33 minutes | Aug 3, 2017
“Rent-to-Buy” the Chinese Runway – with YCloset COO Michael Wang
Today we catch up with my good friend Michael Wang, who is currently COO of YCloset, an online clothing rental and subscription service that raised $20m Series B in March and has already scaled to 40 cities in China. Before YCloset, Michael was on the other side of the table, having spent a few years at KKR before joining IDG Capital, where he was also the lead investor for YCloset's Series A+ round. As such, Michael offers a unique view, speaking from both an operator and investor perspective, and can help us understand the following: Clothing rental companies only recently became popular in China, whereas comparable companies abroad such as Rent The Runway have been around since 2009… what's different now? How does YCloset compare against global and domestic competitors? What are key success factors in this market, from optimizing logistics to central dry cleaning to capital accessibility? What role do China's tech giants (e.g. Alibaba or JD) play in this arena? What is the "rent-to-buy" model, and what might this market look like in the near to medium term?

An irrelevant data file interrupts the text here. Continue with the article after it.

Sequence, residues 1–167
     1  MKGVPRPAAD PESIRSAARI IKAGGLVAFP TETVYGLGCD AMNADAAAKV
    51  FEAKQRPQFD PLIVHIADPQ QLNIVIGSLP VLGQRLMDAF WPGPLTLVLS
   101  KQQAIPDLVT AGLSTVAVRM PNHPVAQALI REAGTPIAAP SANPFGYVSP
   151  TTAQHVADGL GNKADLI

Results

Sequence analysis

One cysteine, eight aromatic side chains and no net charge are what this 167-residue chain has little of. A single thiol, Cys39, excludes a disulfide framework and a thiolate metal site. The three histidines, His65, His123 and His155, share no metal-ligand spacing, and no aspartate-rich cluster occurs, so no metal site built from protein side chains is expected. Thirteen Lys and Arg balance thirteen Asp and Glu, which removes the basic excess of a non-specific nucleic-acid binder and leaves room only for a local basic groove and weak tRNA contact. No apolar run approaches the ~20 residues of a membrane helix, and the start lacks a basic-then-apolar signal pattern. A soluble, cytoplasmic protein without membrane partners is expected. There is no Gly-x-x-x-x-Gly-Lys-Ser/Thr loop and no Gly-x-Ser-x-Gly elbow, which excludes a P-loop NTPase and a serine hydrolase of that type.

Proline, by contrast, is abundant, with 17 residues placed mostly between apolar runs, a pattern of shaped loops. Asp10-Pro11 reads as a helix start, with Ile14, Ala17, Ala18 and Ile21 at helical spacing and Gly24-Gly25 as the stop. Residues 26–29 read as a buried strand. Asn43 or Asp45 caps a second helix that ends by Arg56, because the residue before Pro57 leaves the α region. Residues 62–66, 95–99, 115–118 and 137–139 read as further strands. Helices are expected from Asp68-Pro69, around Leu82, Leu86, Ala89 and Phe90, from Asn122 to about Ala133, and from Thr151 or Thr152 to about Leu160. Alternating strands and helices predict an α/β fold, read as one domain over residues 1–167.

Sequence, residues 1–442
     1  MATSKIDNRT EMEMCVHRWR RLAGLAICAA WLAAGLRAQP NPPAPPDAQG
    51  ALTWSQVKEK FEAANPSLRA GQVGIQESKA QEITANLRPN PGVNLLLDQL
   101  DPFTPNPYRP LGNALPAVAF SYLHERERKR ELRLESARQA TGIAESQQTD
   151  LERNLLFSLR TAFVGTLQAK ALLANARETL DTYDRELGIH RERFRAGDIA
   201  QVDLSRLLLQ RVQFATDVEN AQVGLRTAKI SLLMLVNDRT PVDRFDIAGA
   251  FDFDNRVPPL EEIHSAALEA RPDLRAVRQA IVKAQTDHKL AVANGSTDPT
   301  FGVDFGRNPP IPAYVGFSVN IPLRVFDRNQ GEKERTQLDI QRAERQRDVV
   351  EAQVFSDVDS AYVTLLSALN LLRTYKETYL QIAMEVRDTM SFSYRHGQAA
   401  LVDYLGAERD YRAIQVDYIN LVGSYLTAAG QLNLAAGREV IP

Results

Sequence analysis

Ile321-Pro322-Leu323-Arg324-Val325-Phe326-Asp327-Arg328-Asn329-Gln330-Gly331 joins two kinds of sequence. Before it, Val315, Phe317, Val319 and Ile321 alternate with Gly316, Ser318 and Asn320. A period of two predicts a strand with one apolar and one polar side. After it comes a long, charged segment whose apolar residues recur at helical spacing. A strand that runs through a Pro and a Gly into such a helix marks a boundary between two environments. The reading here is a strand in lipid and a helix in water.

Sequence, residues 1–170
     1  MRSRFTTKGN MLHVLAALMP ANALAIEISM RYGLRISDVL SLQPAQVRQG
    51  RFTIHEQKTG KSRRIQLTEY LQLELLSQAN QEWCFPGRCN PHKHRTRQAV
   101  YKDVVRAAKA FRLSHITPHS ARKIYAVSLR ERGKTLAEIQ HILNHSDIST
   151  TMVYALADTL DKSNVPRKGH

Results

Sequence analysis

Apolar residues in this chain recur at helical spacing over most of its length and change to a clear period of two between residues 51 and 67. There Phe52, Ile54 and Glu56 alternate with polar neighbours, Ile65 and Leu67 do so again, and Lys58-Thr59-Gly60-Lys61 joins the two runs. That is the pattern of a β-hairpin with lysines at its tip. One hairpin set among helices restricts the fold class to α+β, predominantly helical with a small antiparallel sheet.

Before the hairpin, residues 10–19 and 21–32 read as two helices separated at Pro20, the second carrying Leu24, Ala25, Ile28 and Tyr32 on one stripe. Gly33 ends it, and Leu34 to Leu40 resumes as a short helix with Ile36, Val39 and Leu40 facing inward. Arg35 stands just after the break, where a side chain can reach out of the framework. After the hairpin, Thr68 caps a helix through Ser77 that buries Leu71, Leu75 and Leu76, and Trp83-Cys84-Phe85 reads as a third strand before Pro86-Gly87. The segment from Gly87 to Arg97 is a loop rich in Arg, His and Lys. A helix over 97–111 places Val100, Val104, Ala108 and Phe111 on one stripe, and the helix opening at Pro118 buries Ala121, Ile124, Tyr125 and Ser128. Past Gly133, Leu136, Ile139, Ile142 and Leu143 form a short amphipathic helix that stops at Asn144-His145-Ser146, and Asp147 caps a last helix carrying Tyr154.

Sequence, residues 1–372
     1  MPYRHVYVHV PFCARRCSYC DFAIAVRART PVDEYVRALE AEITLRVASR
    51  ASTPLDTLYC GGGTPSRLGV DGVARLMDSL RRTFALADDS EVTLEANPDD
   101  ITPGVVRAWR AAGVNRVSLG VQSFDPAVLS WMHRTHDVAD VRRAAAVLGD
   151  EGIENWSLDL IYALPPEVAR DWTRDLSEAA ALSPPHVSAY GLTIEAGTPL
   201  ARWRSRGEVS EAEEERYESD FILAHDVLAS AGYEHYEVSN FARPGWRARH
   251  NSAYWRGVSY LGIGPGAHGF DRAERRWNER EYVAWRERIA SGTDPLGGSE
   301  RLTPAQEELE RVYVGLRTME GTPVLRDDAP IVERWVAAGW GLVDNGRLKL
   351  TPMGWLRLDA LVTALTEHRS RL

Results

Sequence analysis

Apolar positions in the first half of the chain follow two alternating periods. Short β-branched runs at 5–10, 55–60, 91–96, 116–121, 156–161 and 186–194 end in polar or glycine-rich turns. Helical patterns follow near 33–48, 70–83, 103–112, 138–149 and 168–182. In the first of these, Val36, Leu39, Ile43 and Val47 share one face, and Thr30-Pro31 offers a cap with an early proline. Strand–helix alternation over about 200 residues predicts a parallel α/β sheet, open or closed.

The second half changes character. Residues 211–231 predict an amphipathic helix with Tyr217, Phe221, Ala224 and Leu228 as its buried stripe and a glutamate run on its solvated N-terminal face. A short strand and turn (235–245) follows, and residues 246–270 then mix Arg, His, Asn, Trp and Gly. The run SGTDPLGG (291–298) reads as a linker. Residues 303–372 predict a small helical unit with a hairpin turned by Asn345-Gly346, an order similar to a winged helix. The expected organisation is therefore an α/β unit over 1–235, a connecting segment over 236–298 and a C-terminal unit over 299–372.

42 minutes | Jul 20, 2017
A Gradual, Evolutionary Approach to Disrupting Education - with 17zuoye Cofounder Dun Xiao
Dun Xiao's pursuit of a quality education has taken him around the world, from Cambridge University to MIT and Harvard, where he studied electrical and information engineering. Armed with a lifelong passion for education and his technical background, Xiao Dun was inspired to found 17zuoye.com, (a.k.a. Homework Together), the largest online homework platform for K12 students in China. And so today, we explore Chinese Edtech - a market of particular significance in China given its traditional reverence for learning and the lucrative commercial opportunity this yields. With Dun, we explore key topics and trends, including: how do you segment the Edtech market in China (e.g. by learning groups, product and delivery type?) How do you look at future of education… does this involve building disruptive products that can be applied immediately (e.g. Alt School or Minerva in the US), or should it be more of an evolutionary process where technology is used to complement existing models? What drives key stakeholders in education ecosystem, and why is it relatively more difficult to scale a education business that involves working with teachers, students, parents, school systems, and the government? What is the role of data in education? How do you apply customized learning solutions onto the existing education system? And lastly, how do you get teachers to buy in on using new teaching solution and onboard them efficiently?
Terms of Service
Do Not Sell My Personal Information
© Stitcher 2022